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Studying for a test? Prepare with these 7 lessons on Derivatives introduction.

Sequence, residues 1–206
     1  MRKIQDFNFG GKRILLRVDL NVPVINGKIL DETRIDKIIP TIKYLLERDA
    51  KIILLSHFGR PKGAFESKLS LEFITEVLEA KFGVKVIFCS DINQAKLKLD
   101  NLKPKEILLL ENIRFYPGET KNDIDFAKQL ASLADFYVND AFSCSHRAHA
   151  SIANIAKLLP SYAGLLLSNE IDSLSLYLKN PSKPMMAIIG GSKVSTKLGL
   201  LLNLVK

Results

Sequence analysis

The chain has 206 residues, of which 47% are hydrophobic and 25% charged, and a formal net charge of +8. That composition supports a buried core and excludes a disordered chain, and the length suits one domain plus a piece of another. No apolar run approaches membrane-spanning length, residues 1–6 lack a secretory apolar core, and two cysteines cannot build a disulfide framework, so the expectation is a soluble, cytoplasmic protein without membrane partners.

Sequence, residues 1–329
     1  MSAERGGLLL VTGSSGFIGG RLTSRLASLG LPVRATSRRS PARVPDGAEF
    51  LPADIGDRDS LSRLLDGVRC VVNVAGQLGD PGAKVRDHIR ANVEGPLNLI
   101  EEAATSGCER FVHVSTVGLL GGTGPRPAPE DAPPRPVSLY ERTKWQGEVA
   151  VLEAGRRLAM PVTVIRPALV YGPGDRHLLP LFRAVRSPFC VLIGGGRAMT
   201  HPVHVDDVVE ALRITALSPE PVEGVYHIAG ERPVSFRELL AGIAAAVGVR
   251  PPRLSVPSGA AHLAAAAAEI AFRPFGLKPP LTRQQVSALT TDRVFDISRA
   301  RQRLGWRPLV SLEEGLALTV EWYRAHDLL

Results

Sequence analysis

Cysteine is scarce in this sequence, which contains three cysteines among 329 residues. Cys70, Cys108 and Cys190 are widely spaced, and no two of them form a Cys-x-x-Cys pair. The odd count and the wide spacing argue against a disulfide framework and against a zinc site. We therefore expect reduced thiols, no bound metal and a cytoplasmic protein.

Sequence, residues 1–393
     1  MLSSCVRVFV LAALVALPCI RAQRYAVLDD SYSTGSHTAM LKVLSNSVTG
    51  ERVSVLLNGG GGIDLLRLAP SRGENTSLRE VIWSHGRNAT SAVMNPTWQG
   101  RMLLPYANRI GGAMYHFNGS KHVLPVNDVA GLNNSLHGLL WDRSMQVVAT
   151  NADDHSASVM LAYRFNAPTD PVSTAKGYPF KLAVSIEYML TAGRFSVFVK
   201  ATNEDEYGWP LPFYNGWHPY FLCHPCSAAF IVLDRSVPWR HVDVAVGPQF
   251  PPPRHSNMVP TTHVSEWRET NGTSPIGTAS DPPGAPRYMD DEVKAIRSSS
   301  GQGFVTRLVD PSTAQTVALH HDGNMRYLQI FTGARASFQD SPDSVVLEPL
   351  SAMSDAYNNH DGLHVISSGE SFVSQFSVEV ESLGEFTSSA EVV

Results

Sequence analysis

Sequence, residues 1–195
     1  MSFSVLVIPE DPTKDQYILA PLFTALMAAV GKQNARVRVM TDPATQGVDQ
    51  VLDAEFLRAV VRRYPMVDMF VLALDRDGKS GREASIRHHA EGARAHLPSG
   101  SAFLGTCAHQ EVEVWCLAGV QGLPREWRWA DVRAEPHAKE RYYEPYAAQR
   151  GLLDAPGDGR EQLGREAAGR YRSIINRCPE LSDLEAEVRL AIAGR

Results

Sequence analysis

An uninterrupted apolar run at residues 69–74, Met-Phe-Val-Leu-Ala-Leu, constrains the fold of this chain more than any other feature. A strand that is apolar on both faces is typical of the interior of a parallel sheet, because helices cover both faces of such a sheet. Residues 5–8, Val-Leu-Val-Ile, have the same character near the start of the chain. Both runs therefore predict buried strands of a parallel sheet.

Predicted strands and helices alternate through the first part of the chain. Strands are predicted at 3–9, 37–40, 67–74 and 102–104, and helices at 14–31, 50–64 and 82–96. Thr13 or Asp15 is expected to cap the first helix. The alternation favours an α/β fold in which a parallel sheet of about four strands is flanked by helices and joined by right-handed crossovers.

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The alternate form of the derivative of the function f, at a number a, denoted by f prime of a, is given by this stuff. Now this might look a little strange to you, but if you really think about what it's saying, it's really just taking the slope of the tangent line between a comma f of a. So let's imagine some arbitrary function like this. Let's say that that is-- well I'll just write that's our function f. And so you could have the point when x is equal to a-- this is our x-axis-- when x is equal to a, this is the point a, f of a. You notice a, f of a. And then we could take the slope between that and some arbitrary point, let's call that x. So this is the point x, f of x. And notice, the numerator right here, this is just our change in the value of our function. Or you could view that as the change in the vertical axis. So that would give you this distance right over here. That's what we're doing up here in the numerator. And then in the denominator, we're finding the change in our horizontal values, horizontal coordinates. Let me do that in a different color. So the change in the horizontal, that's this right over here. And then they're trying to find the limit as x approaches a. So as x gets closer and closer and closer and closer to a, what's going to happen is, is that when x is out here, we have this secant line. We're finding the slope of this secant line. But as x gets closer and closer, the secant lines better and better and better approximate the slope of the tangent line. Where the limit, as x approaches a, but doesn't quite equal a, is going to be-- this is actually our definition of our derivative. Or I guess the alternate form of the derivative definition. And this would be the slope of the tangent line, if it exists. So with that all that out the way, let's try to answer their question. With the Alternative Form of the Derivative as an aid, make sense of the following limit expression by identifying the function f and the number a. So right here, they want to find the slope of the tangent line at 5. Here they wanted to find the slope of the tangent line at a. So it's pretty clear that a is equal to 5. And that f of a is equal to 125. Now what about f of x? Well here, it's a limit of f of x minus f of a. Well here it's the limit as x to the third minus 125. And this makes sense. If f of x is equal to x to the third, then it makes sense that f of 5 is going to be 5 to the third, is going to be 125. And we're also taking up here the limit as x approaches a. Here we're taking the limit as x approaches 5. So this is the derivative of the function f of x is equal to x to the third. Let me write that down in the green color. x to the third at the number a is equal to 5. And so we can imagine this. Let's try to actually graph it, just so that we can imagine it. Actually, I'll do it out here, where I have a little bit better contrast with the colors. So let's say that is my y-axis. Let's say that this is my x-axis. I'm not going to quite draw it to scale. Let's say this right over here is the 125. Or y, this is when y equals 125. This is when x is equal to 5, so they're clearly not at the same scale. But the function is going to look something like this. We know what x to the third looks like, it looks something like this. So here, our a is equal to 5. This point right over here is 5, 125. And then we're taking the slope between that point and an arbitrary x-value. Or I should say an arbitrary other point on the curve. So this right over here would be the point, we could call that x, x to the third. We know that f of x is equal to x to the third. And let me make it clear. This is a graph of y is equal to x to the third. And so this expression, right over here, all of this, this is the slope between these two points. And as we take the limit as x approaches 5, so right now this is our x, as x gets closer and closer and closer to 5, the secant lines are going to better and better approximate the slope of the tangent line at x equals 5. So the slope of a tangent line would look something like that.